Eastern long-beaked echidnas have long, dense black to dark brown fur and white spines. These spines cover the entire dorsal surface of their body. Eastern long-beaked echidnas do not have teeth. They have a horny plate at the back of their mouth. This plate helps them to grind food. Eastern long-beaked echidnas have five claws on their fore feet and four on their hind feet. These echidnas have no tail but they can roll into a spiny ball for defense.
Eastern long-beaked echidnas occur in New Guinea. They inhabit tropical hill forests to sub-alpine forests, upland grasslands and scrub. The species has been found in locations up to an elevation of around 4,150 m. Eastern long-beaked echidnas live in dense vegetation or in underground burrows.
Eastern long-beaked echidnas are solitary and try to avoid other echidnas. Because of such an elusive lifestyle, it's hard for researches to study their behavior. It is known that eastern long-beaked echidnas are nocturnal creatures. They forage at night tearing open logs with their claws to find the grubs and other invertebrates. These echidnas live in underground dens and cover them with little vegetation.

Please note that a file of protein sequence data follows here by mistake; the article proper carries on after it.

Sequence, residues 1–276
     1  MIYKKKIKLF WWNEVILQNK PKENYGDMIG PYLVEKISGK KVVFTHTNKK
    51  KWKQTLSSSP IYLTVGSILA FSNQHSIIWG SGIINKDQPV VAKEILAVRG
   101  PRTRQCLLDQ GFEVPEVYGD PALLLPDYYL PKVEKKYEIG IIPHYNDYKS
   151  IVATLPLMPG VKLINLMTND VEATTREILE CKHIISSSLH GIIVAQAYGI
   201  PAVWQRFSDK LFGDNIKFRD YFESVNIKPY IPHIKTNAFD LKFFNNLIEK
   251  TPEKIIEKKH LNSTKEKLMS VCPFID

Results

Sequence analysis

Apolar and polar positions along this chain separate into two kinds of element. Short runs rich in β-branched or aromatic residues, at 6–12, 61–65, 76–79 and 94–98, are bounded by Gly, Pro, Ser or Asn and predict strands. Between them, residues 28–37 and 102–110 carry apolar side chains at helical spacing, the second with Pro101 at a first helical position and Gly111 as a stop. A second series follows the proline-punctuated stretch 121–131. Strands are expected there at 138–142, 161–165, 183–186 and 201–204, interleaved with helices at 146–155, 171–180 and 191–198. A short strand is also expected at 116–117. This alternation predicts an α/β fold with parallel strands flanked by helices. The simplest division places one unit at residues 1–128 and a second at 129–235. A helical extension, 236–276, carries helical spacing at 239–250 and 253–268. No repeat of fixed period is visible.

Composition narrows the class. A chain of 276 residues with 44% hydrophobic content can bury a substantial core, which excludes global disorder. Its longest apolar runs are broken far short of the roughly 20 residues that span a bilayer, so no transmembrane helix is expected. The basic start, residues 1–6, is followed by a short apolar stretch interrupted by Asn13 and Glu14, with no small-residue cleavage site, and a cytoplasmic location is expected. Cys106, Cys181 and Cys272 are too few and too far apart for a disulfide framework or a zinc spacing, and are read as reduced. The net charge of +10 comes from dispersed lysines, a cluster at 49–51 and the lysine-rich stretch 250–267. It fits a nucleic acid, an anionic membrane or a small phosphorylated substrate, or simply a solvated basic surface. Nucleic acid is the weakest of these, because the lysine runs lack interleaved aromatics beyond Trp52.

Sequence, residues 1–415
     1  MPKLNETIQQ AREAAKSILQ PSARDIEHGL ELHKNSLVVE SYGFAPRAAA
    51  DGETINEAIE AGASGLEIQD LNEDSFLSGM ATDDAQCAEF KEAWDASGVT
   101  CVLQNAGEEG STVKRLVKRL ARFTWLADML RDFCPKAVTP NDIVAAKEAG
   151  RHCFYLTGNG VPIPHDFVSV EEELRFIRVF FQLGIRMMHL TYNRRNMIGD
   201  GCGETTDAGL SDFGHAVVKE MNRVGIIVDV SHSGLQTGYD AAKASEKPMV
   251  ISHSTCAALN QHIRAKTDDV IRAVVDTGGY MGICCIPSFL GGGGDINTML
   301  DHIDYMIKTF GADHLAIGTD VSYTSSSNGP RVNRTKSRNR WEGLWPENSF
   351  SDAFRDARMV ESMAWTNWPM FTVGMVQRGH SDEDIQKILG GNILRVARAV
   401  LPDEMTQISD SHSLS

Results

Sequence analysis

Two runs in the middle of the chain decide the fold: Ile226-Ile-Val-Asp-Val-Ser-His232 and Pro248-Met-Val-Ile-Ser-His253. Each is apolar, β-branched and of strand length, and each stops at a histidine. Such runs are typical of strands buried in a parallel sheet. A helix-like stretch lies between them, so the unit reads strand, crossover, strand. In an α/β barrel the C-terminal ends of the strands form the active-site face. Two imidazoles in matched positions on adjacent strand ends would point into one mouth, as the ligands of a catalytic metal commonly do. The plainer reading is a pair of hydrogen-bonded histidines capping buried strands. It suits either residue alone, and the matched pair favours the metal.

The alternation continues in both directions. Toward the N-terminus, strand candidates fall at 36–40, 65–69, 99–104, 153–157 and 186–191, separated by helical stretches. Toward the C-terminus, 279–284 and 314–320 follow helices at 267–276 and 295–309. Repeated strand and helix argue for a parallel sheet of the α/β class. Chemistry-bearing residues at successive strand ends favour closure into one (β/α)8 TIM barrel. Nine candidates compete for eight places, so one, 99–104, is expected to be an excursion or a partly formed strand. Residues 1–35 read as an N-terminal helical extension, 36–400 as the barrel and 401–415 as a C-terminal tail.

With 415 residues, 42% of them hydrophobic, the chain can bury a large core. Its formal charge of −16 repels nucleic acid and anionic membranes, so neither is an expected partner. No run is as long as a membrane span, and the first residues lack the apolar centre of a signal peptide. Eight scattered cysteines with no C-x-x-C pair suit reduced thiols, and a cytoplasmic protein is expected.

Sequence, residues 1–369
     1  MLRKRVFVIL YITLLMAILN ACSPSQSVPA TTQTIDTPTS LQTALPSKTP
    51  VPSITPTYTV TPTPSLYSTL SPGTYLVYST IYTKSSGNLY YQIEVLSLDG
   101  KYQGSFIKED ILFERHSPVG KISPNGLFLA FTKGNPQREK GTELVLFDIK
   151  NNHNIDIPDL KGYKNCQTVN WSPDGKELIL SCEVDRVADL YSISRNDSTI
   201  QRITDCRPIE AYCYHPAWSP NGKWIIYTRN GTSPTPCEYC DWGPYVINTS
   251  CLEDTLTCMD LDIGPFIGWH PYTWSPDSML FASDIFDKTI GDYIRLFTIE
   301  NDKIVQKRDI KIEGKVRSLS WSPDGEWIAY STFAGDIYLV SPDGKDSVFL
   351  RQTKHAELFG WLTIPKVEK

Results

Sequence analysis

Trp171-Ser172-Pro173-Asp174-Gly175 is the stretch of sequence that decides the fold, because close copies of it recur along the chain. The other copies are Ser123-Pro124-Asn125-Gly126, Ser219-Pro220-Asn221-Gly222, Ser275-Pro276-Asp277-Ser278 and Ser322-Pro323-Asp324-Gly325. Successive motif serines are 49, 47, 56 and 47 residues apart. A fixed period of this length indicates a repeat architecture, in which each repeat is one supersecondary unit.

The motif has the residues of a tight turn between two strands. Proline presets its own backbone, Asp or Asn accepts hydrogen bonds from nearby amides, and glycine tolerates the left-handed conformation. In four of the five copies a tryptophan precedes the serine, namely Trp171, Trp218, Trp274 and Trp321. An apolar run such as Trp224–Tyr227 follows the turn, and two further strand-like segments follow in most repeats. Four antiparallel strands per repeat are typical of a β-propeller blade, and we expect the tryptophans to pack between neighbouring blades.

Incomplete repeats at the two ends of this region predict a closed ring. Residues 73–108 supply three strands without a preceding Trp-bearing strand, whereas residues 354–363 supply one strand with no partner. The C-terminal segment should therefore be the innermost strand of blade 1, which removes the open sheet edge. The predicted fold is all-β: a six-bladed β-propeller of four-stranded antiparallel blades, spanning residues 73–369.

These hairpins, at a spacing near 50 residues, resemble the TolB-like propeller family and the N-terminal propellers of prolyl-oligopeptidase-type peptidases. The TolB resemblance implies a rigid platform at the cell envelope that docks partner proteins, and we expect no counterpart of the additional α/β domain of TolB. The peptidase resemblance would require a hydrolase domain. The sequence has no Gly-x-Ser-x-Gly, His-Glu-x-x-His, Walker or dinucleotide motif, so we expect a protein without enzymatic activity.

Little is known about the mating system and breeding behaviors of Eastern long-beaked echidnas. It is suggested that the reproduction season occurs in April and May. Due to the reports of native people Eastern long-beaked echidnas give birth to 1 baby echidna or a "puggle". Female echidnas lay eggs and in around 10 days eggs hatch. Puggles stay in the female’s pouch for another 6 - 7 weeks until the spines grow in. Young are weaned after around seven months.
Humans are the main factor in diminishing populations of Eastern long-beaked echidnas. Locals often prey upon them for food. Feral dogs are known to occasionally consume this species. Deforestation is another important factor leading to the decline of Eastern long-beaked echidnas.
The total population size of Eastern long-beaked echidnas is likely to be low and may number fewer than 10,000 mature individuals. Currently, this species is classified as Vulnerable (VU) on the IUCN Red List and its numbers today are decreasing.